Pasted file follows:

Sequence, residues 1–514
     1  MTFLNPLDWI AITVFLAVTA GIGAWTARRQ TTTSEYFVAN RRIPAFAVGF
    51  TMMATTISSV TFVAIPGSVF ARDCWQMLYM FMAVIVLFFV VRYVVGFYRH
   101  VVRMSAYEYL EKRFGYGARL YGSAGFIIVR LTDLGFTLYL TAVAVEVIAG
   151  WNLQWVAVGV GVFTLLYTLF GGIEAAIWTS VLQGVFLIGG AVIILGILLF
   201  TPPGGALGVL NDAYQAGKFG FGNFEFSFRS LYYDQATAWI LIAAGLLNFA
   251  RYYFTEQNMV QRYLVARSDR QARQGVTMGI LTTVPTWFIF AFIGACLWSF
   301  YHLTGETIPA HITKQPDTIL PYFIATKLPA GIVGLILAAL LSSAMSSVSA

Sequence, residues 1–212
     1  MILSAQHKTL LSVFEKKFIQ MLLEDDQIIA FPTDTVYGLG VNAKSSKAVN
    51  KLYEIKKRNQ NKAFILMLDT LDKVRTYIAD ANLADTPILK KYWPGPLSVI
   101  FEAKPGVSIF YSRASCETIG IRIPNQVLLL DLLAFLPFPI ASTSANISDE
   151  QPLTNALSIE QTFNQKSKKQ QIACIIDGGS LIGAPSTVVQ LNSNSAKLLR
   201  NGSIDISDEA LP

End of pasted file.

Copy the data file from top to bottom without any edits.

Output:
Sequence, residues 1–514
     1  MTFLNPLDWI AITVFLAVTA GIGAWTARRQ TTTSEYFVAN RRIPAFAVGF
    51  TMMATTISSV TFVAIPGSVF ARDCWQMLYM FMAVIVLFFV VRYVVGFYRH
   101  VVRMSAYEYL EKRFGYGARL YGSAGFIIVR LTDLGFTLYL TAVAVEVIAG
   151  WNLQWVAVGV GVFTLLYTLF GGIEAAIWTS VLQGVFLIGG AVIILGILLF
   201  TPPGGALGVL NDAYQAGKFG FGNFEFSFRS LYYDQATAWI LIAAGLLNFA
   251  RYYFTEQNMV QRYLVARSDR QARQGVTMGI LTTVPTWFIF AFIGACLWSF
   301  YHLTGETIPA HITKQPDTIL PYFIATKLPA GIVGLILAAL LSSAMSSVSA

Sequence, residues 1–212
     1  MILSAQHKTL LSVFEKKFIQ MLLEDDQIIA FPTDTVYGLG VNAKSSKAVN
    51  KLYEIKKRNQ NKAFILMLDT LDKVRTYIAD ANLADTPILK KYWPGPLSVI
   101  FEAKPGVSIF YSRASCETIG IRIPNQVLLL DLLAFLPFPI ASTSANISDE
   151  QPLTNALSIE QTFNQKSKKQ QIACIIDGGS LIGAPSTVVQ LNSNSAKLLR
   201  NGSIDISDEA LP